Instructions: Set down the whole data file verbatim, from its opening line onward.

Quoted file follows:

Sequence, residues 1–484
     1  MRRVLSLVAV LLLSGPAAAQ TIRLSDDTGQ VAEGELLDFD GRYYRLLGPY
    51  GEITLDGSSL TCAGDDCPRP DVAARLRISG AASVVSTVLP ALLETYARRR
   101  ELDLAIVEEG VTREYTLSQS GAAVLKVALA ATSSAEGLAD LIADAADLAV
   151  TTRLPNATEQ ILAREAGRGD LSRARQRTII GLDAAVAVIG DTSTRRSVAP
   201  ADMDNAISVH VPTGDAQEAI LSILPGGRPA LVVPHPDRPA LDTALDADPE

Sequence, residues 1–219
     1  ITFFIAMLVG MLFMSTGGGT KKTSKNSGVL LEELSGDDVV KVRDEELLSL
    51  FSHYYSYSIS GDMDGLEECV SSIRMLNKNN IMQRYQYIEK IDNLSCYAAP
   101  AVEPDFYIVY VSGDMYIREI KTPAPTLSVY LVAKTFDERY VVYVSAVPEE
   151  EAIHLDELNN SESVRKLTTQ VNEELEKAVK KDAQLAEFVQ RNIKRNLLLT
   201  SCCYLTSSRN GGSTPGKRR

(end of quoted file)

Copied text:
Sequence, residues 1–484
     1  MRRVLSLVAV LLLSGPAAAQ TIRLSDDTGQ VAEGELLDFD GRYYRLLGPY
    51  GEITLDGSSL TCAGDDCPRP DVAARLRISG AASVVSTVLP ALLETYARRR
   101  ELDLAIVEEG VTREYTLSQS GAAVLKVALA ATSSAEGLAD LIADAADLAV
   151  TTRLPNATEQ ILAREAGRGD LSRARQRTII GLDAAVAVIG DTSTRRSVAP
   201  ADMDNAISVH VPTGDAQEAI LSILPGGRPA LVVPHPDRPA LDTALDADPE

Sequence, residues 1–219
     1  ITFFIAMLVG MLFMSTGGGT KKTSKNSGVL LEELSGDDVV KVRDEELLSL
    51  FSHYYSYSIS GDMDGLEECV SSIRMLNKNN IMQRYQYIEK IDNLSCYAAP
   101  AVEPDFYIVY VSGDMYIREI KTPAPTLSVY LVAKTFDERY VVYVSAVPEE
   151  EAIHLDELNN SESVRKLTTQ VNEELEKAVK KDAQLAEFVQ RNIKRNLLLT
   201  SCCYLTSSRN GGSTPGKRR